Institute of Contemporary Arts

View of U.S. Capitol amid the tents of Resurrection City, May 1968. © Henry Zbyszynski. Courtesy Wikimedia Commons.
Columbia University architect Mabel O. Wilson presents the talk Provisional Demos: The Spatial Agency and Tent Cities. This is the final event in a series of public discussions on ‘the social in architecture’, and follows on from Jonathan Massey’s talk Designing Risk and Opportunity through Housing, as well as a number of closed seminars for PhD students, social housing residents and activists. These events covered themes such as the role of architects in creating new social forms, models of local collaboration and possibilities for co-habitation.
 
Wilson's talk responds to questions about the role of architecture in situations of precarity and the breakdown of social structures along with notions of public space. This includes themes such as migration and temporary housing, the social use of history and memory and structures of inequality and separation.
 
Preceding this talk is a public symposium on the topic of ‘redefining the social’, with presentations by CHASE PhD students and invited speakers Jane Rendell, Ben Highmore and Katharina Borsi, taking place from 1:30 until 5:30pm in the Studio.
This series of public events and training seminars on Architecture and the Social is organised in partnership with the Architecture, Space and Society Centre (ASSC) at Birkbeck, University of London and supported by the Graham Foundation for Advanced Studies in the Fine Arts and the Consortium for the Humanities and the Arts South-East England.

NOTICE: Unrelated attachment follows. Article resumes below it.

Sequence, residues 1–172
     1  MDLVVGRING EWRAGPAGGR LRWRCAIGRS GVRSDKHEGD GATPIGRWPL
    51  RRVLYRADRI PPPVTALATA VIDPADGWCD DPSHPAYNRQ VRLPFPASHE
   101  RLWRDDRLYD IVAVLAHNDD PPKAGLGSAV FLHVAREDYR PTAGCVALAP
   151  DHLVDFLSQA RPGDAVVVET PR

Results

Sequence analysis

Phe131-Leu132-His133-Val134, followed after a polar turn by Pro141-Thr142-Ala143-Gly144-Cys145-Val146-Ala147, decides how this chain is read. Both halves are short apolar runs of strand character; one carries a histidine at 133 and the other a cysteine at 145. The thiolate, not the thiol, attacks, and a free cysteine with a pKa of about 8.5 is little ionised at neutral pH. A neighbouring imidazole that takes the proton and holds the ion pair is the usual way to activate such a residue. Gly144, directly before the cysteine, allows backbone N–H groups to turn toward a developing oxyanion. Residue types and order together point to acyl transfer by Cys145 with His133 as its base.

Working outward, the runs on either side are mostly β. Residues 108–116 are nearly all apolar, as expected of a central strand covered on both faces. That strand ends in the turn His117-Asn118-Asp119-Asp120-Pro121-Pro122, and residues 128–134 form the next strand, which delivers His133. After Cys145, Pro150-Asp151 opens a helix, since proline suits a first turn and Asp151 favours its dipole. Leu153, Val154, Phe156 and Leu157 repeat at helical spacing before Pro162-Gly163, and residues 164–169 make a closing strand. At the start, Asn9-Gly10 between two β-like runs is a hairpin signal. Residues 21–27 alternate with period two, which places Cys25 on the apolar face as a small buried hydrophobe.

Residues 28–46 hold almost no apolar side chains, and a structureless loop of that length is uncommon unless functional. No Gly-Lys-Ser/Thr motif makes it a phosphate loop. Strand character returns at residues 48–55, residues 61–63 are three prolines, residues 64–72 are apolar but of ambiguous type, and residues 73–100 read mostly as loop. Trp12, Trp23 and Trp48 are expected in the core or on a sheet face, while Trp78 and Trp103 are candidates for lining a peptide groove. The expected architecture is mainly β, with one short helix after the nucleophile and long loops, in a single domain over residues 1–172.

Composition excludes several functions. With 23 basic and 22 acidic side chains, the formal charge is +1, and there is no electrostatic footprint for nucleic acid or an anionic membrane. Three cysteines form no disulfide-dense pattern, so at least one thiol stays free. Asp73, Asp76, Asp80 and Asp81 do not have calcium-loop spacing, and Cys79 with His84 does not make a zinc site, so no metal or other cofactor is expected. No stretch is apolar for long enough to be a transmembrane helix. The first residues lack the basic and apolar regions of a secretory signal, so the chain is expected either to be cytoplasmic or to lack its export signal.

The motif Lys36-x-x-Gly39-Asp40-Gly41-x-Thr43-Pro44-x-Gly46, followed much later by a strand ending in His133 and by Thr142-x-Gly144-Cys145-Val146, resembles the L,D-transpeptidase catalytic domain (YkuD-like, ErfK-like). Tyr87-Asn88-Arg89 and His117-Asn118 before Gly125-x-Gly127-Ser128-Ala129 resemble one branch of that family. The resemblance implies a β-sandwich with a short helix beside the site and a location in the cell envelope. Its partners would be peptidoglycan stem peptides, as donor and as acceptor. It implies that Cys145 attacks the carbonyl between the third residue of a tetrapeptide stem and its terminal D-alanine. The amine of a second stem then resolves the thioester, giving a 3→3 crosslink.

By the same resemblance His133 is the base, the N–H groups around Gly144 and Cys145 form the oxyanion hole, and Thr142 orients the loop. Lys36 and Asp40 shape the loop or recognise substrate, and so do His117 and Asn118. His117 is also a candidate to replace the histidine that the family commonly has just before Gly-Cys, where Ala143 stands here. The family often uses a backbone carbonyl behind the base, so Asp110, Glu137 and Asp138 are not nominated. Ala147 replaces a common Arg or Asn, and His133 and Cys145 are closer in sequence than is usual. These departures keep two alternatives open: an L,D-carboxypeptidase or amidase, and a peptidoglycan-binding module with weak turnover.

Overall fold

Mabel O. Wilson is a Professor of Architecture, a co-director of Global Africa Lab and the Associate Director of the Institute for Research in African-American Studies at Columbia University. She has authored Begin with the Past: Building the National Museum of African American History and Culture (2016) and Negro Building: African Americans in the World of Fairs and Museums (2012).
 
She is a member of the design team for the Memorial to Enslaved African American Laborers at the University of Virginia. She was recently one of twelve curators contributing to MoMA's current exhibition Frank Lloyd Wright at 150: Unpacking the Architecture. She's a founding member of Who Builds Your Architecture? (WBYA?), a collective that advocates for fair labour practices on building sites worldwide and whose work was most recently shown in a solo show at the Art Institute of Chicago.
Reserve a place
7:00 PM
Thu, 21 June
Studio

Red Membership includes free access to all programmes for £16.66 / month.

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